Downtown welcomes season

District aims to snare shoppers with Street of Wreaths, ornaments
By: Nathan Donato-Weinstein The Press-Tribune
-A +A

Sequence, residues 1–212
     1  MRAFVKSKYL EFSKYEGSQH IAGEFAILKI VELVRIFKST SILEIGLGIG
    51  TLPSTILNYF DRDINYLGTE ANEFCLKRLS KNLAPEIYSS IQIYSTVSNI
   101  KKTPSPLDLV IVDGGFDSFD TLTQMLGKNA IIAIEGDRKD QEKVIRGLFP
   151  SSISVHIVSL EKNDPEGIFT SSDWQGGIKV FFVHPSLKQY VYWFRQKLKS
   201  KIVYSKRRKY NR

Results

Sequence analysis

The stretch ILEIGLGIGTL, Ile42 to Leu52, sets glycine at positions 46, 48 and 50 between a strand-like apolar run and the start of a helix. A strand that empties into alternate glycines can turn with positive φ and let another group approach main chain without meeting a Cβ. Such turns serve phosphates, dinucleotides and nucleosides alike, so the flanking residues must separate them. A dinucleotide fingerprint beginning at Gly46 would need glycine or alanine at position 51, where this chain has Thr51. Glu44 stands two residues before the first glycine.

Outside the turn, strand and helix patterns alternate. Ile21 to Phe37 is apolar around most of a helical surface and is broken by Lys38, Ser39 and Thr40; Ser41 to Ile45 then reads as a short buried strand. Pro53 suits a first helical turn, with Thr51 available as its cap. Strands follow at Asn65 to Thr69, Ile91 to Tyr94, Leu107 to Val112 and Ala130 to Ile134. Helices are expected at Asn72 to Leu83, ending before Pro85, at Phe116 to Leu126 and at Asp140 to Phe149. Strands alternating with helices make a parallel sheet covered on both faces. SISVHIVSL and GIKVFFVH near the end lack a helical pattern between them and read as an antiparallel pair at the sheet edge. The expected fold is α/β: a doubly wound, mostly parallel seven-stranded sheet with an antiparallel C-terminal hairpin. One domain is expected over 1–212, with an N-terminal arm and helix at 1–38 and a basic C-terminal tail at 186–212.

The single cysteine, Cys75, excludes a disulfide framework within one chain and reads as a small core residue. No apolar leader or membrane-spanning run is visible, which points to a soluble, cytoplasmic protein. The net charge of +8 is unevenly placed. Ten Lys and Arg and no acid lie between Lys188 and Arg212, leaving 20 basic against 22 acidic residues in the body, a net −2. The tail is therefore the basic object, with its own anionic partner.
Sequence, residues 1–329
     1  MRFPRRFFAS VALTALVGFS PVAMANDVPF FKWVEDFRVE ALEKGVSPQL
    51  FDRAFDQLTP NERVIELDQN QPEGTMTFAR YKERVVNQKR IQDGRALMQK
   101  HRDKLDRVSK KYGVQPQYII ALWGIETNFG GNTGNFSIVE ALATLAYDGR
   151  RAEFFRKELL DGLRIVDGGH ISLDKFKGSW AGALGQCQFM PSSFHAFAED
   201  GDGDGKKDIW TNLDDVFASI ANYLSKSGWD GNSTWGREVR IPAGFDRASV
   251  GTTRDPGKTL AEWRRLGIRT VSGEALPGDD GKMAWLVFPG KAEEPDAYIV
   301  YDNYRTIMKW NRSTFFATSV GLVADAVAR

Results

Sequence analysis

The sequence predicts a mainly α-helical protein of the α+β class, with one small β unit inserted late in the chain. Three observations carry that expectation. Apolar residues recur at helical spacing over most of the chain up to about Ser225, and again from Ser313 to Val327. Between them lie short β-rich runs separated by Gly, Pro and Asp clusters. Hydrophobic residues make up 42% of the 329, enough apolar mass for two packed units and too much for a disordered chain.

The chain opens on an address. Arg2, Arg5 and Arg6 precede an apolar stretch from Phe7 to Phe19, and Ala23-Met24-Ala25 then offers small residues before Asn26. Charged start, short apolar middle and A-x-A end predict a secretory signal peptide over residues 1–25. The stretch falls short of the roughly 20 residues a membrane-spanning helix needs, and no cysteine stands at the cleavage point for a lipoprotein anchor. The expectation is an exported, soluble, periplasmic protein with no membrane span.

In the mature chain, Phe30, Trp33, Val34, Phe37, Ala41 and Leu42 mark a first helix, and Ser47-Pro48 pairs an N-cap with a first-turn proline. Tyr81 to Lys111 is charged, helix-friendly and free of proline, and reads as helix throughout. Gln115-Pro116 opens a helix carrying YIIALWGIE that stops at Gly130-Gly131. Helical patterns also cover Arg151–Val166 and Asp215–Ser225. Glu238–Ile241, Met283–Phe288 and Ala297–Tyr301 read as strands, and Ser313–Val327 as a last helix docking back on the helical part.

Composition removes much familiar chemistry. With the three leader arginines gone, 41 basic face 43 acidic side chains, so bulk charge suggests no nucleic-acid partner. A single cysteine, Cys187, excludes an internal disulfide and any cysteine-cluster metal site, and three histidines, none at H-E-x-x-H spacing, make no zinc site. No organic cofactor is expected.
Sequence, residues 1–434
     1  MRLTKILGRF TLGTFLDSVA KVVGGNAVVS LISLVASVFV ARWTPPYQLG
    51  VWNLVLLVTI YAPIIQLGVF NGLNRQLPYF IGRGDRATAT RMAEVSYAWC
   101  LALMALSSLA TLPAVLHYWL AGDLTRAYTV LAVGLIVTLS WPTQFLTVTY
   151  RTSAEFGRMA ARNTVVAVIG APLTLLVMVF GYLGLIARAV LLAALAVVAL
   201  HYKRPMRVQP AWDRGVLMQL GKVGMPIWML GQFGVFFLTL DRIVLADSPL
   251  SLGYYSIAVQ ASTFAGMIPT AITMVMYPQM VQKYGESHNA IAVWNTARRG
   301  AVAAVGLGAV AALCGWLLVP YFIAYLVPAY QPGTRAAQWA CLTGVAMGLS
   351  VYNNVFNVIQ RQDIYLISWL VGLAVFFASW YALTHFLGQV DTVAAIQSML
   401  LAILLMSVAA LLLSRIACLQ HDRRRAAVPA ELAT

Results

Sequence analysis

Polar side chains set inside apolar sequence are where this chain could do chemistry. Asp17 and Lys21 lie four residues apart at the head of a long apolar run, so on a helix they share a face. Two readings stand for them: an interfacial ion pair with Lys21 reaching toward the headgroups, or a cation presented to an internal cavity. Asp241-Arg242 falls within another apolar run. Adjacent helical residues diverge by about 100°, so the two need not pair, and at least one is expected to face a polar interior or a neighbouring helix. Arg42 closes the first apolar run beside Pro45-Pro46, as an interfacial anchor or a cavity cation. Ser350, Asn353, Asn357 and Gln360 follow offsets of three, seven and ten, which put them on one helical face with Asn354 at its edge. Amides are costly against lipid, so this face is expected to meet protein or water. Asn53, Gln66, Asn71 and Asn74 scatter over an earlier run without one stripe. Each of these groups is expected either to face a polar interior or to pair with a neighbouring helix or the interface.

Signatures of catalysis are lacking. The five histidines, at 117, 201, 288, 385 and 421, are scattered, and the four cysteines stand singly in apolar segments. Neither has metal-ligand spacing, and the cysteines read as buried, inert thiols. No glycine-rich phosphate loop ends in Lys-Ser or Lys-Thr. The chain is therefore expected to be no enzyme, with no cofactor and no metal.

The glittering lights, a visit from Santa and children’s “fun zone” added up to hundreds of visitors at Friday night’s Christmas tree lighting in Downtown Roseville. But area merchants are hoping to bring them back by importing a little holiday cheer throughout the month of December. The Downtown Merchants Association’s third annual “Street of Wreaths” competition and, for the first time, limited-edition downtown Christmas tree ornaments are an invitation for people of all ages to visit Vernon Street, business owners say. “It’s kind of a fun thing to do – you see people run up and down the street to find out which one you want to vote for,” Scott Alvord, the association president and owner of A Dash of Panache at 217 Vernon, said of the wreath competition. Participants can grab a ballot at several merchants and vote for up to three of the nearly 30 wreaths, stretching between Lincoln and Bulen streets, then drop them off at participating businesses. The creations were decorated by students in the city’s Adventure Club after-school program and boast themes such as “Holiday Patriot,” “Cupcakes & Candy” and “Recycled CDs.” Winning clubs get a trophy and bragging rights for a whole year. “We’ve got some really cool ones this year,” Alvord said. Merchants hope the wreaths get people to walk the strip, which is still struggling to perk up after millions in city reinvestment that followed years of decline. “When you come in here you get personalized service,” said Joann Funk, longtime owner of the Nice Twice consignment shop, which sports two of the wreaths as well as “gently used” and new clothing and accessories. “Plus, you don’t have to wait in long lines.” The association is also offering something new – two etched-glass ornaments depicting two downtown icons: the Tower Theater and the 2252 steam locomotive. They’re being offered for $10, and with just 225 made of each, organizers expect them to go fast. “The centennial is next year, and we were trying to come up with something that was commemorative,” said Dave Roe, the association’s vice president and a partner at Prime California Homes and Lending at 428 Vernon. “A lot of us grew up in Rosevillle, so for us to recognize Roseville’s’ history and tradition and such just made sense.” The Tower design features the theater’s famous marquee, emblazoned with the Magic Circle logo and the troupe’s recent production of “Forever Plaid.” “I would have preferred it to be a show that I starred in, but I love ‘Forever Plaid.’ It’s well deserving of the honor,” Kris Hunt, Magic Circle spokeswoman (as well as an actor and director), said with a laugh. “It’s sparkly. We’re sparkly. The whole concept of community theater is sparkly,” Hunt said. Roe said merchants plan on releasing two ornaments each year, featuring other area landmarks. Future designs could include the Blue Line Gallery or so-called “crooked bridge,” he said. Proceeds from the ornaments will go toward the Roseville High School art department’s work in The Memory Project, an effort to benefit disadvantaged children worldwide through art. RHS art teacher Joyce Henry also helped oversee the ornament project. “It’s a good partnership,” Roe said. “Downtown Roseville is trying to create an arts district, a place to go to see art. So our vision is to try to show that we use art everyday as entrepreneurs and small businesspeople, and also to pay tribute to landmarks in Roseville.”